By HEATHER CATHLEEN COX
“There is an incredible product on the market that would probably take all of the politics out,” said City Manager Manuel Lara of San Benito’s street woes.
In 2012, the City of San Benito established, through its officials, a list of streets deemed in highest disrepair. The process by which streets were selected was at least somewhat controversial among San Benitians.
The order in which streets were addressed “is more of their preference,” Lara said regarding the official street repair list that was created when city and elected officials canvassed the City and selected streets.
For years, Lara has spoken of a software program he would like the Commissioners to utilize. “I would like for (the commissioners) to allow us to do a professional study. A professional study of the streets will give us priorities of which are the worst streets. It gives you different conditions … prioritizes streets. Many cities are doing that.”
In years past, such technology did not exist, and core samples of the streets were the only way to find the actual condition of each road. “Core samples have been standard,” said Lara. “But this program is better. For Portland, TX it is working great.”
Lara described the process by which the City presently checks the status of each road. “We do a core of the road, and we send it to the lab or studies. Depending on the condition of the caliche [whether or not it is compactable], there’s no sense in repairing or using old caliche … if the base is no good, because the water will seep through and ruin it. The base on the streets in the most important thing. The base is the key,” he said.
In 2012, the City obtained Certificates of Obligation totaling $2.95 million, to be expressly utilized for repairs to streets identified as in disrepair. Over the past few weeks, however, many new streets have been added to the aforementioned list. But Lara said that funding may prove an issue in how quickly the new roads can be repaired.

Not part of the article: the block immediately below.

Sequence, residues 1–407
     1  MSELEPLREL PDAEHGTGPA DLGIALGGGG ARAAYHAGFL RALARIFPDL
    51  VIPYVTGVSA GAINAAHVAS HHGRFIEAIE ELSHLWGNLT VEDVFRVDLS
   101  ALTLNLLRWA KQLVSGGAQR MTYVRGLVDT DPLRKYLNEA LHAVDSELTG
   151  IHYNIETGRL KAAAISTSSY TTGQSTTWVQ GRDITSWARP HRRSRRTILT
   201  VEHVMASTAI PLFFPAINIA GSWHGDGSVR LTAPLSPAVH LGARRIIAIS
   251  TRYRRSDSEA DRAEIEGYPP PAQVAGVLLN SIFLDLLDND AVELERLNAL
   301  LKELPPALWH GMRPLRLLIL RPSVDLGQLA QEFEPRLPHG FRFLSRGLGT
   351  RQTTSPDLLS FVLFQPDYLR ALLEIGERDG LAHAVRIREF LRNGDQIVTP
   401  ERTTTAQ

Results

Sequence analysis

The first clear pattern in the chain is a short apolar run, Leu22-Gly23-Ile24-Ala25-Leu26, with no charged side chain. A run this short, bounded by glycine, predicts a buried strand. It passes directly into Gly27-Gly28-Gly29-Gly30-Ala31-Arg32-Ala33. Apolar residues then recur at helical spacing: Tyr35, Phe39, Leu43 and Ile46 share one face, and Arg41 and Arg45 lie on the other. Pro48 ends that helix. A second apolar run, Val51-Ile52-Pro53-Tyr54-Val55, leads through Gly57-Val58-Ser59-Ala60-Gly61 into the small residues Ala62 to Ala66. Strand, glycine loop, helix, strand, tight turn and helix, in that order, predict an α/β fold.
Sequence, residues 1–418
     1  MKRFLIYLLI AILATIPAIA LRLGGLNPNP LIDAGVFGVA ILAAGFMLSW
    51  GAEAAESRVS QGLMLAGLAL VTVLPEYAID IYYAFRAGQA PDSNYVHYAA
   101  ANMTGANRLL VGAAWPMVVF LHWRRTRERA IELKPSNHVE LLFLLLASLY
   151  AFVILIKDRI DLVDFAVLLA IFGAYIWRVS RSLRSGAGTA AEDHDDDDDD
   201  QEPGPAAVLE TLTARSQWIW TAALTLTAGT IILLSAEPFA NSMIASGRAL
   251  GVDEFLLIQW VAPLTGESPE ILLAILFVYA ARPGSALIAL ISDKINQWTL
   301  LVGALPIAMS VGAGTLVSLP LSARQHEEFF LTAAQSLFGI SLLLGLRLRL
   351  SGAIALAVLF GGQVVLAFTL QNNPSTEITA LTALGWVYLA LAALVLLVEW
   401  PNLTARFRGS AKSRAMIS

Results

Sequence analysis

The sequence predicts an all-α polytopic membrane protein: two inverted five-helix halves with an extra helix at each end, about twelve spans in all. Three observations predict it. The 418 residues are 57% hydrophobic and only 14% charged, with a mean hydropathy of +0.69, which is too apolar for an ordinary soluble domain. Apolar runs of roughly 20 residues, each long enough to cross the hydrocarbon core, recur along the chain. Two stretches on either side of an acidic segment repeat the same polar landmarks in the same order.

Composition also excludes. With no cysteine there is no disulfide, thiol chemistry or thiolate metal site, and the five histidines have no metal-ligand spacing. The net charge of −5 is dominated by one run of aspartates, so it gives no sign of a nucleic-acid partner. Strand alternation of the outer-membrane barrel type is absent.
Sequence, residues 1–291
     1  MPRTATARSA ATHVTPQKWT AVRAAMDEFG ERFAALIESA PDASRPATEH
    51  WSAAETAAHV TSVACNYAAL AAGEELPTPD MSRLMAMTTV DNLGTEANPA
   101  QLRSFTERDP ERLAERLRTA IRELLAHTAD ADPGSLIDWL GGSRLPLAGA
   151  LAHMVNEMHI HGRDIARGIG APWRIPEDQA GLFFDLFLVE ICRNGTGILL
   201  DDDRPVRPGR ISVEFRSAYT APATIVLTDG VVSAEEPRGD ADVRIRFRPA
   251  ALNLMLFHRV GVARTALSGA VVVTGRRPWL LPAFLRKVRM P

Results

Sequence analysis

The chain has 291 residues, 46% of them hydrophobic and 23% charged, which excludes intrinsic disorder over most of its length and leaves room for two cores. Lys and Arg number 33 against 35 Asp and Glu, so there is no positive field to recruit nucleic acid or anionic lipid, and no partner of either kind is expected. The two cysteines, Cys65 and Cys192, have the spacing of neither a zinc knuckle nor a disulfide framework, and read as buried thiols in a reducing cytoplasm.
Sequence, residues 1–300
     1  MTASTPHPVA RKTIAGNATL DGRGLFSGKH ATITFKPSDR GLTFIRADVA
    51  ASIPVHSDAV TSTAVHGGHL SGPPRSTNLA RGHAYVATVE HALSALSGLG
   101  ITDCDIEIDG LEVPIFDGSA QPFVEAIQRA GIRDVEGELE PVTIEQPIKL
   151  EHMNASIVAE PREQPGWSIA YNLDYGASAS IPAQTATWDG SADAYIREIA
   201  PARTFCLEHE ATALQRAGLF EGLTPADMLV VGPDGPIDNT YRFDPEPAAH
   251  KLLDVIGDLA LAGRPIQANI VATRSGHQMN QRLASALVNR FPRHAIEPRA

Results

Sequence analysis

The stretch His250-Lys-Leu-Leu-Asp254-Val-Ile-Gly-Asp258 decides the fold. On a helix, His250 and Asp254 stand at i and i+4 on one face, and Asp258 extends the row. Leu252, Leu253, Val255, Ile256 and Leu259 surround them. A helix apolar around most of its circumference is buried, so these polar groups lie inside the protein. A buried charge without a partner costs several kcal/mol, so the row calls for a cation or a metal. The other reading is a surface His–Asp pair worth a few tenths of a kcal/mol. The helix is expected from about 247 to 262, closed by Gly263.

Of the $2.95 million in C.O. Bonds, $893,000 is presently still available. In additional monies, from the City’s Solid Waste Funds, $470,504 is available to be utilized for street repairs. With a budget totaling nearly $1.4 million, officials are deciding how to reprioritize and address streets and whether or not to repair the streets with in-house or outsourced workers.
Lara spoke to the fact that he feels certain pricy materials make for a beautiful finished product but he posed the question as to whether such materials were the best choice when more roads could be fixed if less costly products were utilized. “If you drive around San Benito, we have a high need of street projects. The City of San Benito, we need to figure out how to stretch our money as far as we can.”
“The commission has requested for us to do an evaluation,” said Lara, “to check streets and re-prioritize. We are taking the directive given to us, to see if the order three years ago is still okay.”
“I want the county to come in and do a test on one road,” said Lara. “And we can see if we can agree to use an affordable material for drivable roads.”
The software will reportedly analyze streets quickly, to the core, and assess the precise level of disrepair of each road. “It will give a list of streets and color code them in red, green and yellow,” said Lara. “It gives you a priority list, done professionally with data.”
Contritely, Place 3 Commissioner J.D. Penny has said, “I would say the best assessment to which streets (are in disrepair) is us. We can look at them (and see for) ourselves.”
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